No passport for man charged over hatchet attack in Limerick estate

Np passport for man accused over hatchet attack in Limerick estate

The Courthouse, Mulgrave Street

A MAN charged in connection with a hatchet attack at a housing estate in Southill eight years ago has been refused permission to travel to continental Europe for work.

Frederick Connor, aged 30, who has an address at Brittas, Thurles, County Tipperary is charged with assaulting Damien Hackett, causing him harm at John Carew Park, Southill, on April 26, 2010.

It is the State case that Hackett was hit across the back of the head and the side of his face during an altercation with two other men at Donoughmore Crescent.

The victim, who was aged in his mid-20s at the time, received 20 stitches, following the incident.

He sustained two lacerations and has some permanent scarring as a result of the attack which happened at around 8.30pm.

The defendant was granted bail when he was brought before Limerick District Court in January subject to a number of conditions including that he surrender his passport to gardai.

Another man who was also charged in connection with the incident was previously prosecuted before the courts.

Seeking to vary Mr Connor’s bail conditions, barrister Jack Nicholas said he has not been able to work since his arrest and that he wishes to travel to Germany and possibly Eastern Europe.

He told Limerick Circuit Court Mr Connor has family in Ireland and he insisted he is “not going to disappear”.

Detective Garda Shane Ryan opposed the application stating he had concerns the defendant would not return to the jurisdiction if he was allowed to leave.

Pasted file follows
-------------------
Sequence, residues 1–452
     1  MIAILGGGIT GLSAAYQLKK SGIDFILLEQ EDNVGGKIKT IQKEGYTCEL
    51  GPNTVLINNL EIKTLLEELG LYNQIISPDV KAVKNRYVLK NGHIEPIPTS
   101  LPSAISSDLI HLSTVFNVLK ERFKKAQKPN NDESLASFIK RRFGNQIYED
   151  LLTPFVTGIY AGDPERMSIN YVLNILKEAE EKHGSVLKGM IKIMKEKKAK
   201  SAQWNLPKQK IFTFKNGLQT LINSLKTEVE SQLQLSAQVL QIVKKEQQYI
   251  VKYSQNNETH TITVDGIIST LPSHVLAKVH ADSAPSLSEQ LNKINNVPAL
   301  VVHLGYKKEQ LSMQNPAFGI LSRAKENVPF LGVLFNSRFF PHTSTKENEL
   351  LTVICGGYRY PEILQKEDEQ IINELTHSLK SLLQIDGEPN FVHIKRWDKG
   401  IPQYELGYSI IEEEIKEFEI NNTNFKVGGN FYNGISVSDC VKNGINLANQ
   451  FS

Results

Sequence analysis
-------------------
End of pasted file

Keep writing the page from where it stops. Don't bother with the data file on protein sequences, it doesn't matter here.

He said Mr Connor travelled to continental Europe following the alleged incident and that gardai had begun the process of applying for a European Arrest Warrant prior to his arrest earlier this year.

The detective accepted the defendant has complied with all of his bail conditions and that there have been no further incidents.

Mr Nicholas said his client, who is married and has a number of young children, was willing to give a sworn undertaking that he would return to Ireland for any future court dates.

Having considered the application and the garda objection, Judge Tom O’Donnell said it was “quite clear” that gardai had concerns in relation to the defendant’s future appearance in court.

He said he shared the concerns of gardai and was not willing to order the return of Mr Connor’s passport in the circumstances.

The matter was adjourned to June 18, next when a trial date will be set.

Judge O’Donnell directed that all of the existing bail conditions should remain in place in the meantime.

They include obeying a curfew and signing on at his local garda station.

More News

Buy the e-paper of the Donegal Democrat, Donegal People's Press, Donegal Post and Inish Times here for instant access to Donegal's premier news titles.

Keep up with the latest news from Donegal with our daily newsletter featuring the most important stories of the day delivered to your inbox every evening at 5pm.